This little tour down the history behind the image most associated with Joy Division could serve as a parable for the band itself. Recognized for the image, the substance of their music is not really known as widely as the image itself. So, in that respect, Hook continues to be a disciple, spreading the good word by keeping the music alive through The Light. Like many, I consider the works of Joy Division to be sacred. They are masterly works that have gone on to influence countless other sparks of musical genius.

Fortunately, The Light are worthy of the task of carrying this legacy and proved that once again at The Warfield. Unknown Pleasures was performed immaculately. “Disorder” was ripping and raw, and Hook’s vocals were better than I’d ever heard them. “New Dawn Fades” shone as the beautiful, ethereal fever dream it was always meant to be, and “Shadowplay” was a gritty, winding delight. I’ve never been fond of the tinkering “She’s Lost Control” as it sounds reductive compared to the rest of the album, but it was given new light and depth in this live performance.

Peter Hook and the Light at The Warfield by Patric Carver
Photo by Patric Carver

After a short break, The Light cut into Closer. “Colony” proved to be a surprising standout. The maturation of Hook’s voice as well as a the tightness of the rhythm section really brought this one into focus. Of course, “Twenty Four Hours” was an absolute knockout. For me, it is all about that leading guitar that absolutely reaches out and grabs the listener, dragging them through the whirling chaos. Though the band didn’t know it was all going to come crashing to an end soon with lead singer Ian Curtis’s suicide, the desperation of songs like this could have been the stone-cold canary in the coal mine. Nothing this disturbingly beautiful could last long, right?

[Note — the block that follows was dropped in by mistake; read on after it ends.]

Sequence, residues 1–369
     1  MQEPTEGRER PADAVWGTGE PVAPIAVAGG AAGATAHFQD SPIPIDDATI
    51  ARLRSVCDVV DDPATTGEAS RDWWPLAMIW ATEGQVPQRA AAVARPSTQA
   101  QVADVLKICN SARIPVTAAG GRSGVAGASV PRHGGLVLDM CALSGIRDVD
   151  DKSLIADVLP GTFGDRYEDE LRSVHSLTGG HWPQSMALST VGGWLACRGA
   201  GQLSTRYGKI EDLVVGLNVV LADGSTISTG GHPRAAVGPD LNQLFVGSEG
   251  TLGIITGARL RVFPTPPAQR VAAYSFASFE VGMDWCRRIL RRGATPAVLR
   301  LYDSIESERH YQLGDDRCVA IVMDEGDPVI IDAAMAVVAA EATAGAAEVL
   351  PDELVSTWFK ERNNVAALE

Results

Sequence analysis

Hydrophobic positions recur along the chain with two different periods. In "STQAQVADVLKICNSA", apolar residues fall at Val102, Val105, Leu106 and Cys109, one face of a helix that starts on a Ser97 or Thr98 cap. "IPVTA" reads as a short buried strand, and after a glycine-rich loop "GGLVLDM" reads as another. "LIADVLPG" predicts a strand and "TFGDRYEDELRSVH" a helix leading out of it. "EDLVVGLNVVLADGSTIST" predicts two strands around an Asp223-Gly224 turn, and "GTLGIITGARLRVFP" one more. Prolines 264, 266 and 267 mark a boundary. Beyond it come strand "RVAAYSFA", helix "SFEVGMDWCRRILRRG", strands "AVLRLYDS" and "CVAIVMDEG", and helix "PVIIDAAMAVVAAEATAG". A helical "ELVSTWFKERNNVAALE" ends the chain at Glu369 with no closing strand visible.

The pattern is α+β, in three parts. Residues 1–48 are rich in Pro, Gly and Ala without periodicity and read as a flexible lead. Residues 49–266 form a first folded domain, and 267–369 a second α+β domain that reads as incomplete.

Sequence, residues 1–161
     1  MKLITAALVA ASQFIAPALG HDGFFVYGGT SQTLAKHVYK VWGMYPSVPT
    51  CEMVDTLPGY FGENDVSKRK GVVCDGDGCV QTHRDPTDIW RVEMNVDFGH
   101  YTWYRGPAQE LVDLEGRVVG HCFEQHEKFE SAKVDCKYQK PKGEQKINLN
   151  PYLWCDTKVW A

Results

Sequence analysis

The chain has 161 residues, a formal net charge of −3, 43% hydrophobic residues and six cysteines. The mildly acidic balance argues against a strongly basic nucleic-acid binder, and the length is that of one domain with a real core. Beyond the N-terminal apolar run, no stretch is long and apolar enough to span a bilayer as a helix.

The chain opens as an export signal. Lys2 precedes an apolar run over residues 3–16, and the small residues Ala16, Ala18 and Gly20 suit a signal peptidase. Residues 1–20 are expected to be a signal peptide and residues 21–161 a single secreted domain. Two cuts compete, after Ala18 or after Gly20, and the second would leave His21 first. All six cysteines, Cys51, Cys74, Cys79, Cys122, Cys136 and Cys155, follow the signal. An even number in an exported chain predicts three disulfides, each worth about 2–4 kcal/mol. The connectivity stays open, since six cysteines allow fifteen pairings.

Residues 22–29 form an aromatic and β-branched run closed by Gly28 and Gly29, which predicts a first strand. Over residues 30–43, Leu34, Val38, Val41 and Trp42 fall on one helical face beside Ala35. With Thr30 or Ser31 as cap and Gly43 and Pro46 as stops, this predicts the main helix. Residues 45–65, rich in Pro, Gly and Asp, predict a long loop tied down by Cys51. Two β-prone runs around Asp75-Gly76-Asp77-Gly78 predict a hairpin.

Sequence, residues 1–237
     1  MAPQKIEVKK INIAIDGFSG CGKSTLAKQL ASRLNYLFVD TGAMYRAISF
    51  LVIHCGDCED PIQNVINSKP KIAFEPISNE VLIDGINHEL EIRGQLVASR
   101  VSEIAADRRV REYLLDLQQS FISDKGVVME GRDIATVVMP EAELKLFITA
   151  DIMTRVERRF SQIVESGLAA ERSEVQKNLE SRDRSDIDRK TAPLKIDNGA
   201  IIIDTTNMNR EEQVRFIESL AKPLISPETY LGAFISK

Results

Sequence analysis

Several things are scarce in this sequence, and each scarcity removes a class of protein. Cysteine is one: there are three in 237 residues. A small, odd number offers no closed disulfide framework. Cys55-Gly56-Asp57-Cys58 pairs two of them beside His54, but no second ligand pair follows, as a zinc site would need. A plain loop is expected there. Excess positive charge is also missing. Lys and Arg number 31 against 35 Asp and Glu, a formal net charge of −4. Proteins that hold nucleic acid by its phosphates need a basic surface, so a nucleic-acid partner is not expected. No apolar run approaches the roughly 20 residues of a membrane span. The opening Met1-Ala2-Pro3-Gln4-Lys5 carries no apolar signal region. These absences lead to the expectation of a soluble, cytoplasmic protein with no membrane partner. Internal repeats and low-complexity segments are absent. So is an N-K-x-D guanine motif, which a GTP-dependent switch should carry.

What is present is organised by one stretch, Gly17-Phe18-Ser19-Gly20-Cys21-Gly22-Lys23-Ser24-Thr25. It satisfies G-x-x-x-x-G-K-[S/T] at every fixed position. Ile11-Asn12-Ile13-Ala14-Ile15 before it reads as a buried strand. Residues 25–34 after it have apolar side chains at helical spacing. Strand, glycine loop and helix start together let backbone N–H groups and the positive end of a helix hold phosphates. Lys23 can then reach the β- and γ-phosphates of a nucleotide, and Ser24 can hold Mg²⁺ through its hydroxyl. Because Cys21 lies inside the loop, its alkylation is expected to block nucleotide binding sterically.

Peter Hook and the Light at The Warfield by Patric Carver
Photo by Patric Carver

The encore was really the heart of the show. After a heartfelt tribute to former bandmate Curtis, Hook started the tail end of the show off with “Dead Souls.” A lot of Joy Division’s brilliance lies in their ability to make the personal torments of agony and despair known in a way that is palatable and oddly comforting. Just by breaking the isolation intertwined with those emotions, Joy Division brings connection to the disconnected. “Dead Souls” was performed powerfully by Hook, evoking that sense of strong and somber. This was followed by New Order’s “Ceremony” which was a delightful and a healing salve after the excoriating “Souls.”

Peter Hook and the Light at The Warfield by Patric Carver
Photo by Patric Carver